Some activities and ministries at St. Stephen's are designed especially for young adults, including a young adult Bible study group, social gatherings, retreats, and outreach and volunteer opportunities. The best way to keep up with what young adults are doing at St. Stephen's is to sign up for our e-newsletter.

A Fellowship

One of the distinctive things about being an Episcopalian is the sense of connection and fellowship one has with other Episcopalian Christians. St. Stephen's Episcopal Church is part of the Diocese of Virginia, one of the oldest and largest dioceses in the Episcopal Church.

Our diocese includes 80,000 people who worship God and reach out to others in 181 parishes in 38 counties in central, northern and northwestern Virginia. It is one of three Episcopal dioceses in the Commonwealth of Virginia, the others being the Diocese of Southwestern Virginia (based in Roanoke) and the Diocese of Southern Virginia (based in Norfolk). You can read more about the Diocese of Virginia at


Sunday Schedule

Holy Eucharist: 8:00, 9:00, 11:15

Christian Education for all ages: 10:10 (returning September)


6000 Grove Avenue Richmond, VA 23226

A tragic loss (Post 2)

The second article is a short one from The Washington Post, “The tragedy to communities when church buildings are demolished to make condos.” The writer is a clergy person, and he makes some excellent observations about church buildings as healing presences in their communities. Over the years, I’m sure you’ve heard people say things like, “Church buildings are expensive burdens that are draining the church’s resources. Maybe we would be truer to Christ and more vibrant as a church if we did not have an expensive building and could use all our resources for ministry instead.” But this article invites us to ponder how church buildings can be important instruments of ministry. We live in a stress-filled world, and technology has not made us less lonely or depressed. In fact, loneliness, depression, and anxiety are rising at alarming rates. In this environment, one wonders how church buildings and grounds can beckon the community as Jesus did, “Come to me, all you who labor and are carrying heavy burdens, and I will refresh you.”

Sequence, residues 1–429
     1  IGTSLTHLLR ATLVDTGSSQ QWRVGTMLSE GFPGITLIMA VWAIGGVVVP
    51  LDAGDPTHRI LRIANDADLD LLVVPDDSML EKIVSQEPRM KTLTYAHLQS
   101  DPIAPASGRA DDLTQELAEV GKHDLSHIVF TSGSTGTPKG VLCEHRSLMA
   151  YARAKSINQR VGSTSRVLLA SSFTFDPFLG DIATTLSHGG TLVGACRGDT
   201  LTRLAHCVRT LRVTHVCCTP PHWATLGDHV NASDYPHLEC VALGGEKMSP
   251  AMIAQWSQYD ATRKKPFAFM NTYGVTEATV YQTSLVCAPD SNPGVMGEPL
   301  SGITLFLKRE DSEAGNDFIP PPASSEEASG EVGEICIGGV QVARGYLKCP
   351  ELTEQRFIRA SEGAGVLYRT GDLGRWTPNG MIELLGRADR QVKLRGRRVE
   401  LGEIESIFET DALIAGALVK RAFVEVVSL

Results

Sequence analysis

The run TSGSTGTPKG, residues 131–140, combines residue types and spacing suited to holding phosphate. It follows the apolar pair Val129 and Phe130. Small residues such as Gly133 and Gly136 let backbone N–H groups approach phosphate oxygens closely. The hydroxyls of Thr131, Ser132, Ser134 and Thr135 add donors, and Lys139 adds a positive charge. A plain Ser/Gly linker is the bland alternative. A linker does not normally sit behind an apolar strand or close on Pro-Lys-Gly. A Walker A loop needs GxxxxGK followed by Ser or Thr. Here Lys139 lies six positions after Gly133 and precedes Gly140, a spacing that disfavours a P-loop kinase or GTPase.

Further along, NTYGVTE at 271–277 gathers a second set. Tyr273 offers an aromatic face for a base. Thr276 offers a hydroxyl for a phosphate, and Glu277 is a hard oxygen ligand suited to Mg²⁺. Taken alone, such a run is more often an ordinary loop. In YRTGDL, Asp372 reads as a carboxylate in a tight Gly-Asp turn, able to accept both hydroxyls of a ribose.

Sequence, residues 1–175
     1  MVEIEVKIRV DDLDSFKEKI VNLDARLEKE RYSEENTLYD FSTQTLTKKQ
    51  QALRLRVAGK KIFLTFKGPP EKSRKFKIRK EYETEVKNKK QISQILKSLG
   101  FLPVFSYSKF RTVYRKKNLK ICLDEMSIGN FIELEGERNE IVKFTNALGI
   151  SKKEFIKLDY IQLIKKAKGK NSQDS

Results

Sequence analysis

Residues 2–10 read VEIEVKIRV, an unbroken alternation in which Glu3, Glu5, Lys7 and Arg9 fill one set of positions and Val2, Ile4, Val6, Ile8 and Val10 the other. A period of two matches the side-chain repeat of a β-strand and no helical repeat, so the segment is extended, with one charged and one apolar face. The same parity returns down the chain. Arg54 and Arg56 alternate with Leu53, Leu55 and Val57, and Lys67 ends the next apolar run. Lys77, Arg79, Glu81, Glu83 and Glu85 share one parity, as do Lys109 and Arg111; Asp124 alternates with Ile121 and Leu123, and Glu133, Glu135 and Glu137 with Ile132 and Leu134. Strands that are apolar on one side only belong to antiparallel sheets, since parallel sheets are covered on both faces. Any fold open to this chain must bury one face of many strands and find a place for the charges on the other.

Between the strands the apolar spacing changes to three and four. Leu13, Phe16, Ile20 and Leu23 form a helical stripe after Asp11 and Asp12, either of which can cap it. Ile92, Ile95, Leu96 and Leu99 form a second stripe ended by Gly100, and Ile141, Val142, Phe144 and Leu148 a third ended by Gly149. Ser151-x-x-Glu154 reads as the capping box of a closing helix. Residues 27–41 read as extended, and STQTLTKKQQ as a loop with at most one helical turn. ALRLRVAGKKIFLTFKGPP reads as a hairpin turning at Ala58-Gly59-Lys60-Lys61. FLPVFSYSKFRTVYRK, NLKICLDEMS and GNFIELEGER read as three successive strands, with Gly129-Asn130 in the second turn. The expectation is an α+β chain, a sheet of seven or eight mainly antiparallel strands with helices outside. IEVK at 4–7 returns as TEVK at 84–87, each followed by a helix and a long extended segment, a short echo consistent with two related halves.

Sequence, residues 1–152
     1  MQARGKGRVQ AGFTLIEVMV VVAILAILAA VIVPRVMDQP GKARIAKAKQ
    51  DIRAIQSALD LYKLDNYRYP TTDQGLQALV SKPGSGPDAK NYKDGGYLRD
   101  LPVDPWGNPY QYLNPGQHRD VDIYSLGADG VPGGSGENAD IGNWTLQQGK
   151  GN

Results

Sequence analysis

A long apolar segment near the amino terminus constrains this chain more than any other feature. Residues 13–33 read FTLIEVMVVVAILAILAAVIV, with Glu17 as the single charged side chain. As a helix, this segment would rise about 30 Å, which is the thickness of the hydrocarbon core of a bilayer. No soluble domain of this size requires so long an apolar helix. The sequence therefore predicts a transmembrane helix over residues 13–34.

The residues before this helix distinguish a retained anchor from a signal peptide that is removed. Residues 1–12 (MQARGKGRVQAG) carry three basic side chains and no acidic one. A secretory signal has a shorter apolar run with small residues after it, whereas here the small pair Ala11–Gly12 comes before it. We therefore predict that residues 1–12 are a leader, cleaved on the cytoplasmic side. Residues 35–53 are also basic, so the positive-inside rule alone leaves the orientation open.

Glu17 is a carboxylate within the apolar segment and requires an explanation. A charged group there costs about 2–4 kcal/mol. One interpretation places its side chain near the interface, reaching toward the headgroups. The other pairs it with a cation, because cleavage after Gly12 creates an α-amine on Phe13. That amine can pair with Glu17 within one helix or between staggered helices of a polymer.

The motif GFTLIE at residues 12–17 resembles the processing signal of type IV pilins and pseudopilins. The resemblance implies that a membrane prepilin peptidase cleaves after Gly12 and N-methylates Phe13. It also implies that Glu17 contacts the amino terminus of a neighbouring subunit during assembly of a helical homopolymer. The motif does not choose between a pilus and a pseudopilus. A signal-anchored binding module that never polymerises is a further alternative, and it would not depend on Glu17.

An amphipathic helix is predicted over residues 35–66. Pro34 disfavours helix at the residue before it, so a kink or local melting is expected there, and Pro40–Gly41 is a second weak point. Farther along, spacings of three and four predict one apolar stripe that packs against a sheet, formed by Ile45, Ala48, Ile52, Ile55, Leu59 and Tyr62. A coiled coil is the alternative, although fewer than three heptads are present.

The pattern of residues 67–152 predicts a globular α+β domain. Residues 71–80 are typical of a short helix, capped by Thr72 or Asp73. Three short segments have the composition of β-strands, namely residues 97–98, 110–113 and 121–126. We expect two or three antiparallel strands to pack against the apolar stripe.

In a busy world of distractions, church buildings can be visible reminders that God is with us. They can be tangible signs of hope and prayer; they can provide a home for healing 12-step groups and other ministries devoted to caring for the community; they can be a refuge from the storms of life, providing a place where you can “seek God when you feel lost and find a community when you feel lonely.” At St. Stephen’s, we often talk about our role as a sacred “village green” for Richmond, where all sorts and conditions of people can feel welcome and at home, regardless of their religion. And we make a point of keeping the church open seven days a week, with a wide range of offerings for the well-being of body, mind and spirit.

St. Stephen’s Church occupies a prominent block in Richmond. We are surrounded by increasingly expensive homes and private institutions of privilege – two excellent prep schools, a venerable liberal arts college, and the Country Club of Virginia, all of which symbolize benefits that are usually available only to the rich and powerful. And yet, wealth and privilege of course can be significant challenges to a life-giving relationship with God, and many people who drive through our neighborhood and past our beautiful building might assume that a church like St. Stephen’s in Richmond must exist primarily for people who are of a certain race and class.

Communities that have lost church buildings to condo development and other uses have ended up feeling as if something vitally important went missing as a result. Our large and prominent church buildings and grounds present us with challenges and opportunities. One of the questions we are asking during our visioning process is, “How do we think Jesus would like us to use our building and grounds for the healing and well-being of the world?”

Back to main 'Envisioning our Future' page